One might present a weak argument that a Swindlecant must always lie (rather than never tell the truth) and an Honestant must always tell the truth (rather than never tell a lie) . . . however, if THAT is the case, then the Gringo is lying about this exchange, since neither an Honestant nor a Swidlecant could have made this entirely inconclusive statement. The reason I say this is a weak argument is that we could endlessly argue about what ALWAYS lying means . . . could a Swindlecant admit to having a wife, could a Swindlecant use the pronoun "I" if he were talking about himself? Gets a bit silly when you start going down that path.

But who knows you might prove me wrong with some amazing argument . . . and if you do, I will make the following ABSOLUTE commitment.

BAMA, IF I WIN THE LOTTERY THIS WEEK, THEN I WILL GIVE YOU HALF OF MY WINNINGS!



In the following, when I say "the statement", I am referring to the entire sentence "If my wife is Honestant, then I am Swindlecant."

I think you have misstated the reasoning for why the wife is a Swindlecant. Assuming the wife is an Honestant, we know that the statement is true if the implication is true and the statement is false if the implication is false. If the statement is true, the speaker must be an Honestant. However, the statement is true only if the implication is true, i.e. the speaker is Swindlecant. This is a contradiction. In the same way, the statement is false only if the implication is false, i.e. the speaker is Honestant (not Swindlecant). This is also a contradiction. Since these are the only possiblities, the assumption that the wife is an Honestant is false. Thus, the wife must be Swindlecant.

This is not the same thing as saying that the speaker cannot claim to be a Swindlecant. No such statement is made.


To address the rest of the probem, we have to assume that every statement evaluates to one of true or false. We also have to determine the truth value of an if...then statement with a false condition since we agree on the values with a true condition. Let's consider the possibilities:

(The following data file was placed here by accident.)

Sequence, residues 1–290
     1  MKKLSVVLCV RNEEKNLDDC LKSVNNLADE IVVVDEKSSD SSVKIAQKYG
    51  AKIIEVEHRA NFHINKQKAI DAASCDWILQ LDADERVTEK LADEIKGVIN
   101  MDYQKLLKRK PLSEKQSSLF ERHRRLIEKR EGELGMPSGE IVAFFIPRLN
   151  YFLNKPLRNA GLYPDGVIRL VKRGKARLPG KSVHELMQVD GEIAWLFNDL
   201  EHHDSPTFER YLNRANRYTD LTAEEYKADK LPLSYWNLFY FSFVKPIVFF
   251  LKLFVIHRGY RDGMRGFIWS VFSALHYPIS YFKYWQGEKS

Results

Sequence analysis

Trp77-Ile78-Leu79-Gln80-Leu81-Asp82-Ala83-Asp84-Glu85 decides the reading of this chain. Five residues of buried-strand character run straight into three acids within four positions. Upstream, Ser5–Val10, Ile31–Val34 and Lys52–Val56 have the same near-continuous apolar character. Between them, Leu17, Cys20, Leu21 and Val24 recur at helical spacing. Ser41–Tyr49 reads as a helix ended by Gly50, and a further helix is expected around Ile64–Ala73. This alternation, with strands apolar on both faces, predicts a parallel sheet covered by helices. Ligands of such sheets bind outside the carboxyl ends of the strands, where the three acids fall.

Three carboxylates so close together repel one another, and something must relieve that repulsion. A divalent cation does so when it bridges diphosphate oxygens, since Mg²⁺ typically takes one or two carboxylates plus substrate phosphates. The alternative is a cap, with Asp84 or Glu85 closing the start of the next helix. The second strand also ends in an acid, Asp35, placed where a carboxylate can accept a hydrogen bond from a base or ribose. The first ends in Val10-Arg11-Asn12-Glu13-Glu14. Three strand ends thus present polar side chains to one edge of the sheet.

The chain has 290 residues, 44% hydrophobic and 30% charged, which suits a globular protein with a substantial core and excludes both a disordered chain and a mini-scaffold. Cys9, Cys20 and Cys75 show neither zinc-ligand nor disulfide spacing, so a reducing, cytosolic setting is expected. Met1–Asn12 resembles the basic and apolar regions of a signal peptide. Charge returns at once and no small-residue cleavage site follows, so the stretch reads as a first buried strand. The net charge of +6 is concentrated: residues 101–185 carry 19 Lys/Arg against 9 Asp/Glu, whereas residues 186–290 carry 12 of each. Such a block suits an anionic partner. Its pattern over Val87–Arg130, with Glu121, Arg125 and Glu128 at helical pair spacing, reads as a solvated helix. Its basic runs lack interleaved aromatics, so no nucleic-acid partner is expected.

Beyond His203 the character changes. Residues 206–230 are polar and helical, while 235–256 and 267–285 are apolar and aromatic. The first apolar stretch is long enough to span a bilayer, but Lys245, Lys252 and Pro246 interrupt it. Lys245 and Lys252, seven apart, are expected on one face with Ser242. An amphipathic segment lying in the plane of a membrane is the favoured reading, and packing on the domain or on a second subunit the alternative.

(1)
If F then T => F
If F then F => F

Here, the If...then statement is logically equivalent to the AND statement (i.e. only true when both statements are true). This choice would render the If...then statement redundant. I think it is clear that If A then B is not the same as A and B.


(2)
If F then T => T
If F then F => F

Here, the If...then statement is logically equivalent to the implication (i.e. If A then B <=> B). This again makes the statement redundant.


(3)
If F then T => F
If F then F => T

This choice doesn't make any sense.

(4)
If F then T => T
If F then F => T

Having eliminated the first three, we are left with this choice. Consider an arithmetic example:

A: 5 = 6
B: 1 = 1

Assuming A, we can prove B and we can prove not B. In other words, we can show that If A then B is True and we can prove that If A then Not B is True.

5 = 6
5/5 = 6/5
5/5 = 6/6 (since 5 = 6)
1 = 1

5 = 6
5 - 4 = 6 - 4
1 = 2


This choice for the If...then statement truth table is also consistent with conventional interpretations.

With this in mind, let's go back to the original problem: "If my wife is an Honestant, then I am a Swindlecant." We already know the wife is a Swindlecant. From our choice of how conditional statements are evaluated, this means the statement is True. Since it is true, a Swindlecant cannot have made the statement. Thus the speaker must be Honestant.


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#28 Bamafan

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Posted 25 March 2008 - 03:57 AM

I disagree. I believe statements can be true, false, or inconclusive.

Again consider my example, "If it rains, then I will wear a raincoat"

Forget about the world of Swindlecants and Honestants for the moment.

If it rains, and I wear a raincoat, then I told the truth.

If it rains, and I did not wear a raincoat, then I told a lie.